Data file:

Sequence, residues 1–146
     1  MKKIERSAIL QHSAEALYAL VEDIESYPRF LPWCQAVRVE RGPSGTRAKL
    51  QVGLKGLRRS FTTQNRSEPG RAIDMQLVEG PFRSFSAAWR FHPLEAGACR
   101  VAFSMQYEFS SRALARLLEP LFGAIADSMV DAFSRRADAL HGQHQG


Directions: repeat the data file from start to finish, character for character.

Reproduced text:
Sequence, residues 1–146
     1  MKKIERSAIL QHSAEALYAL VEDIESYPRF LPWCQAVRVE RGPSGTRAKL
    51  QVGLKGLRRS FTTQNRSEPG RAIDMQLVEG PFRSFSAAWR FHPLEAGACR
   101  VAFSMQYEFS SRALARLLEP LFGAIADSMV DAFSRRADAL HGQHQG